It’s essential to make sure you’re working with an institution that will give you the maximum loan-to-value to get more flexibility in funds.
2. Draw Period on a HELOC to Buy an Investment Property
The second consideration for a HELOC is the draw period. This is how long you can use it like a line of credit before needing to pay it off.
During this draw period, you can take money out, pay it back, then take it out again, over and over.
Draw Period Options & Refinancing
Most HELOCs come in two different draw periods: either a 5-year or a 10-year. The longer the draw period, the more flexibility you have.
Also, you’re able to refinance a HELOC at any time. We recommend searching for better HELOCs every 1-3 years. If you refinance before your draw period ends, then that period doesn’t matter as much.
However, we still recommend setting yourself up with the longest draw period available to you. When you need to refinance, but you’re stuck in a down market, you’ll probably get worse terms on your new HELOC. A longer draw period gives you more control over a better refinance.
So, when you start the process of getting a HELOC to buy an investment property, set it up to be long-term. Even if you choose to refinance, you should still look to start with the highest LTV and longest draw period possible.
2. Interest rates for a HELOC to Buy an Investment Property
The third important consideration when looking for a HELOC is the interest rate. In other words: how much will it cost you to borrow from this line of credit?
Typically, HELOCs are based on prime plus a number. That “plus” number is where the banks make the profit. Almost all banks use prime as their starting point, then they add a factor. They add either one, two, or three to prime to determine your rate.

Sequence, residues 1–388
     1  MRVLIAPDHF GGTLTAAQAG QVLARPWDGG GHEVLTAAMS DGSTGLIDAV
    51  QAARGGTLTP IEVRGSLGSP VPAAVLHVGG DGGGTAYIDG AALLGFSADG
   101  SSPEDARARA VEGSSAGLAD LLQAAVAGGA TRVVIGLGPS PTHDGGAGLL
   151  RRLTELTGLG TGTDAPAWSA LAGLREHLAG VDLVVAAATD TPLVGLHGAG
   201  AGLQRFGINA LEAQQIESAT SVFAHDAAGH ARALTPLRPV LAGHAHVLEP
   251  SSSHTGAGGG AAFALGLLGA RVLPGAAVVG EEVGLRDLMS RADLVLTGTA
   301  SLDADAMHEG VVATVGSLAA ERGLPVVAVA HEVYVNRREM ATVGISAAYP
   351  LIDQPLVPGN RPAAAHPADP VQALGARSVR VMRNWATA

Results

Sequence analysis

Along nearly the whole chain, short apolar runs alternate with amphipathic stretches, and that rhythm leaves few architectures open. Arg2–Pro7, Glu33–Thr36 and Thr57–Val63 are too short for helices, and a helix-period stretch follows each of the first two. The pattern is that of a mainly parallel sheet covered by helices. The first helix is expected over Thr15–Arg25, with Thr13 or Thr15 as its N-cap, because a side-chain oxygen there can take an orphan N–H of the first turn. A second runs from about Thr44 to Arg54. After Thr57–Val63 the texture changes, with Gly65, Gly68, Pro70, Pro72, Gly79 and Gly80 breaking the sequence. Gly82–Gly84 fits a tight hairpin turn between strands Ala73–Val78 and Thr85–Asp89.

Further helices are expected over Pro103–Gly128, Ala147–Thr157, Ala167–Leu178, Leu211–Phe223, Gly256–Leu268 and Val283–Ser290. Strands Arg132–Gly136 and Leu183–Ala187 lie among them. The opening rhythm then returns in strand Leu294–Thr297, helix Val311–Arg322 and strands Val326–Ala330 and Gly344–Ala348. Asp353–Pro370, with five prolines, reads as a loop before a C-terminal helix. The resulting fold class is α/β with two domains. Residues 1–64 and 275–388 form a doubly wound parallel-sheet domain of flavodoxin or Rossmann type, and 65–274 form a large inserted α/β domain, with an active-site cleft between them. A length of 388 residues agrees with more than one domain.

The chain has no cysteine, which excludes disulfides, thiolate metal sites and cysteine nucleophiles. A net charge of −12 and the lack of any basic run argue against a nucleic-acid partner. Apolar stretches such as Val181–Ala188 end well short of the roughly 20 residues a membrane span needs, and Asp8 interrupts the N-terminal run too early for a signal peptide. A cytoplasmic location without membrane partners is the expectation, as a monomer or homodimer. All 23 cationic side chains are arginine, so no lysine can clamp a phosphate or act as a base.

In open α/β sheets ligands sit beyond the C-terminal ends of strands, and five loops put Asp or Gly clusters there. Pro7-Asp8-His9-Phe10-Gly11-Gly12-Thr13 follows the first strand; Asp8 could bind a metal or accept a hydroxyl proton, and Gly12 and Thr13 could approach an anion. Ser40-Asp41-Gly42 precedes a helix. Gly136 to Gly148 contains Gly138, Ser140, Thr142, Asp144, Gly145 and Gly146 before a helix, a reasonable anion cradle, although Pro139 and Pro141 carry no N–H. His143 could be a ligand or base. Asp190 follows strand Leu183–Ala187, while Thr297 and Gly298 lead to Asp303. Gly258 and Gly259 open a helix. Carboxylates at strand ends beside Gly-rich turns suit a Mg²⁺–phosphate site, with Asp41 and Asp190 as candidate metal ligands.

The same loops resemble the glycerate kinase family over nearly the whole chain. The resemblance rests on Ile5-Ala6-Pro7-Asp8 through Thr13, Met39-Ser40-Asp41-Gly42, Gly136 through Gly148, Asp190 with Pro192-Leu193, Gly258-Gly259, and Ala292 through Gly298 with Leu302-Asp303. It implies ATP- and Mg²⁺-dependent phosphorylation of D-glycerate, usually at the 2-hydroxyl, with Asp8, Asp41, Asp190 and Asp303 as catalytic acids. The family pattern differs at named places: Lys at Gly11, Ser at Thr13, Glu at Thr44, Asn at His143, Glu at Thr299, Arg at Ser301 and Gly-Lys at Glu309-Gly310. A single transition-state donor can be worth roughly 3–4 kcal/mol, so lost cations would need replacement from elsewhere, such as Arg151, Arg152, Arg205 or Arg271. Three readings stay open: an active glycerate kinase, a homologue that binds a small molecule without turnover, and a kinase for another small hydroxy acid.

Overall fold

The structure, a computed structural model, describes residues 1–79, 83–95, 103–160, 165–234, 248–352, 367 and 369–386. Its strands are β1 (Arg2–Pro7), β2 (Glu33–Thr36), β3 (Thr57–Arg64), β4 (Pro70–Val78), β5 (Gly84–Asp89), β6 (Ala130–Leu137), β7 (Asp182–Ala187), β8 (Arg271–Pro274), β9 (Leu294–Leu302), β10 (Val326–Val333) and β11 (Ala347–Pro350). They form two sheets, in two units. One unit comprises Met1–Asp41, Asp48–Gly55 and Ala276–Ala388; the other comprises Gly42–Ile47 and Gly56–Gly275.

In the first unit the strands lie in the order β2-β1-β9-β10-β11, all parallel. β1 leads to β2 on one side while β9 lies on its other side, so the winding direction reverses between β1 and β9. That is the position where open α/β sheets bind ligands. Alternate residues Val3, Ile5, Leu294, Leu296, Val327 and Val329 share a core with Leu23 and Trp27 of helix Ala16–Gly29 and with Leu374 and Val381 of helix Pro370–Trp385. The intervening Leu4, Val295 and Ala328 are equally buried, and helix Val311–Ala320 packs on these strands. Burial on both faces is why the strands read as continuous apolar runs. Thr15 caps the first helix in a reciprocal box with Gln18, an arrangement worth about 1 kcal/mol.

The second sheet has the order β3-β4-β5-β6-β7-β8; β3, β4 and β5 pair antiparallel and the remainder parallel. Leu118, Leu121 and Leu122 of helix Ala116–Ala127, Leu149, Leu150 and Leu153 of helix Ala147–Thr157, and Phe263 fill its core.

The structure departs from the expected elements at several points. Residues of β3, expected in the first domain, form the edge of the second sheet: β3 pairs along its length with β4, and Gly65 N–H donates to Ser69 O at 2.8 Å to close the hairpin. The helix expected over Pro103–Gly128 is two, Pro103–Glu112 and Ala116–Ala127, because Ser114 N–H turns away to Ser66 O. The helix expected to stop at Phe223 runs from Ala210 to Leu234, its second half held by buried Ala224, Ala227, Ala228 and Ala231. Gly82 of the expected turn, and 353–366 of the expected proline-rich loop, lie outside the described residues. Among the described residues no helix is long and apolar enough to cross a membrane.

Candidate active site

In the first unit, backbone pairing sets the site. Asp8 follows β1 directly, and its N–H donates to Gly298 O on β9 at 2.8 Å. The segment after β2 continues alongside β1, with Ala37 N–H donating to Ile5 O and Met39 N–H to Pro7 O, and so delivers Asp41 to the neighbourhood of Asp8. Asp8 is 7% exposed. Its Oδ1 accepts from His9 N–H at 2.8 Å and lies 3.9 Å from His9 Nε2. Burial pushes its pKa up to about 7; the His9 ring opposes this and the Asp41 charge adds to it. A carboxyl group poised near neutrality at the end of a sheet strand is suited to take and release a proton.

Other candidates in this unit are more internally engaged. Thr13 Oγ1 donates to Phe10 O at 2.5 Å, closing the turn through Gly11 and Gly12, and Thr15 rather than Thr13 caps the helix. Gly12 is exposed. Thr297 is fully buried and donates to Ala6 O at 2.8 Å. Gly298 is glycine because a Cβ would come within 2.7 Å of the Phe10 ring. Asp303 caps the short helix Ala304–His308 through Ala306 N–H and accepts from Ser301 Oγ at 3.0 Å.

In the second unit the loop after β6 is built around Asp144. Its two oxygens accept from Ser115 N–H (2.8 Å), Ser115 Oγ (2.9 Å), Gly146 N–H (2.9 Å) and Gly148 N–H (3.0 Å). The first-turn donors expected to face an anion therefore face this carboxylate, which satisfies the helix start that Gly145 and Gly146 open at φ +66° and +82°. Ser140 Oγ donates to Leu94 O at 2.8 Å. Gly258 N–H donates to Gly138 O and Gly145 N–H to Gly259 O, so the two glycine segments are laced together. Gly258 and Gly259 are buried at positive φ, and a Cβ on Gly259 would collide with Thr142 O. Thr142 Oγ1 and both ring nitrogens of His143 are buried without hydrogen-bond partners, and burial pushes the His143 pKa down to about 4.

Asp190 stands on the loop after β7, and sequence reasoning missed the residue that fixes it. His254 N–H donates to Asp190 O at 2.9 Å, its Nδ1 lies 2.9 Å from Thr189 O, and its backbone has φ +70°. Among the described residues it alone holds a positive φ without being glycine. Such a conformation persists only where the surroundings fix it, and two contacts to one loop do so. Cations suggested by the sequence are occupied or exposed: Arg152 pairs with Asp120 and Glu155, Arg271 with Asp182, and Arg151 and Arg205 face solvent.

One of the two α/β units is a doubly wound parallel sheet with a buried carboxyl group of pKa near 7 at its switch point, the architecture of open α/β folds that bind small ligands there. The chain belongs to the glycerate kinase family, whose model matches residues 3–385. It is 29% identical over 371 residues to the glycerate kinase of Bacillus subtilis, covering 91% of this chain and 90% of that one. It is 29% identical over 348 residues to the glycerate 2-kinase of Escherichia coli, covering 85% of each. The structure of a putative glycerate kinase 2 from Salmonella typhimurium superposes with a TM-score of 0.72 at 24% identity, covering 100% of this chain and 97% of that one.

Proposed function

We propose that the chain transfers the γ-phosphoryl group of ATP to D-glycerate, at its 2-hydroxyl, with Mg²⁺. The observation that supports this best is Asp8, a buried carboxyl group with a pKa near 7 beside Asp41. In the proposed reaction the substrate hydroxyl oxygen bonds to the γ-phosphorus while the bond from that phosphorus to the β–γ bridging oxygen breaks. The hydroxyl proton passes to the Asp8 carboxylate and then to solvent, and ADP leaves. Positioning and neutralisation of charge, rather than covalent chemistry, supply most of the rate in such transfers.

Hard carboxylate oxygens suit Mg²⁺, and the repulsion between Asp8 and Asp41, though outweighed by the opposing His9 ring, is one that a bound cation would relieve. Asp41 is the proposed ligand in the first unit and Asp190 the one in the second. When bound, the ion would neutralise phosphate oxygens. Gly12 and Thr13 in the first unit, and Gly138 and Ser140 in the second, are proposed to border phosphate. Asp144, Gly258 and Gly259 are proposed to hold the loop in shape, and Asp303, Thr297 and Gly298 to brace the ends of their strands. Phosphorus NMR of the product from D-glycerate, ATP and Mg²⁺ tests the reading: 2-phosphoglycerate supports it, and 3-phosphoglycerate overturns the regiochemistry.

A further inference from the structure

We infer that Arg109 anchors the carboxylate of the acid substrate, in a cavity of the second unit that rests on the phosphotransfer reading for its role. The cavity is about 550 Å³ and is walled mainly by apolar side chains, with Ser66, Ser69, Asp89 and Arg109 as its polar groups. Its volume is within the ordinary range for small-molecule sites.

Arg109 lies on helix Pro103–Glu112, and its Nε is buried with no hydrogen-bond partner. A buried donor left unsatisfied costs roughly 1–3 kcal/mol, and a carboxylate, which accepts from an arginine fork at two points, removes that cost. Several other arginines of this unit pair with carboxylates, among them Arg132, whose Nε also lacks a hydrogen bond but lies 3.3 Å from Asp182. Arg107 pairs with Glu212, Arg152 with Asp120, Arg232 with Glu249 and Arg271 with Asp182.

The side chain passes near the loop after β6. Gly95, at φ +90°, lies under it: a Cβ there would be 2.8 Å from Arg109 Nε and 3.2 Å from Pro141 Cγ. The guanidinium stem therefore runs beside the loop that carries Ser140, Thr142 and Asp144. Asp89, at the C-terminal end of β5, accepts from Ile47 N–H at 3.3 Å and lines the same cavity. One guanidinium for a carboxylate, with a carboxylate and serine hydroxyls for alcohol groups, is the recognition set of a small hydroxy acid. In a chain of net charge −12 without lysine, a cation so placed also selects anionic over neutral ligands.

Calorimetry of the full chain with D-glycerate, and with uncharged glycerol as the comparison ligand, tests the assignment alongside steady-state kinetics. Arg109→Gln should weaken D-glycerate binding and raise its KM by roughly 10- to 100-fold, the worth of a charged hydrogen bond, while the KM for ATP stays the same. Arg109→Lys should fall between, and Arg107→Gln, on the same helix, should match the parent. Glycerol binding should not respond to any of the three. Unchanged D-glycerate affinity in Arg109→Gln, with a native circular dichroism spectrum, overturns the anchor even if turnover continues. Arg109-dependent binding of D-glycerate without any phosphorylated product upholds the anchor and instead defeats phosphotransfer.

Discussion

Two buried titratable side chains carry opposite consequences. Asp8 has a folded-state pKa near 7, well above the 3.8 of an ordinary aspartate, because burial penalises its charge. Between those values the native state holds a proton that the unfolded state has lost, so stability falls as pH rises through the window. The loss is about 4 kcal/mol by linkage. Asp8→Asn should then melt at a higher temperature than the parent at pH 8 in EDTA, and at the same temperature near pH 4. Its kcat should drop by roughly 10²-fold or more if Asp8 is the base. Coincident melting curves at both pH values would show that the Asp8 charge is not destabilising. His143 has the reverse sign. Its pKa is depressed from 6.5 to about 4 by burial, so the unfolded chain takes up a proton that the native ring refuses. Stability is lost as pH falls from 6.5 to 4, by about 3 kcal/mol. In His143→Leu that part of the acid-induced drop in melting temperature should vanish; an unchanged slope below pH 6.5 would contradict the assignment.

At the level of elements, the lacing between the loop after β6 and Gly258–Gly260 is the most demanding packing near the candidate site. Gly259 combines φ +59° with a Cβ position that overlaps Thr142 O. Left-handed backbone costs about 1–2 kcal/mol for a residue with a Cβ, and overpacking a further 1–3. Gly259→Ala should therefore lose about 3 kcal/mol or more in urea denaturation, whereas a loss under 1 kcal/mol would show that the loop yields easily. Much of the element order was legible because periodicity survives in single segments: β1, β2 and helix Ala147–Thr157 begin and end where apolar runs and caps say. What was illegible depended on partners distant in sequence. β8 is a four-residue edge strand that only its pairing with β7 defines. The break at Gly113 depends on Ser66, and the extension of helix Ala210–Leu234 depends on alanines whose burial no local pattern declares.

Locking in a Fixed-Rate
We recommend looking for a fixed rate for more than a year. We’ve been locking people into five-year fixed rates, and a few years ago, we could offer a 10-year fixed.
Adjustable rates can be a little misleading. Some banks might offer you a prime minus 5 just to get you in. It’s a bit like if a credit card gave you 0% interest up-front, then jacked it up once you get comfortable with it.
Banks try this strategy because they know that once you get a HeLOCK, you’re less likely to refinance out and stay with the higher adjusted rate. This is another reason why we think you should always be on the lookout for better HELOCs to refinance into.
More Help on Getting a HELOC to Buy an Investment Property
These are the three main things to ask about when you’re looking for a HELOC for real estate investments:
- Loan to value. The most important. You want to maximize what you can get.
- Draw period. You want the flexibility of a 5-year or longer draw, but always look to refinance.
- Interest rate. You want a fixed rate so you’re safe despite turbulent or declining markets.
Want more information on how to talk to banks when looking for a HELOC to buy an investment property? Download this free checklist.
If you have any other questions, you’re always welcome to reach out at Info@TheCashFlowCompany.com.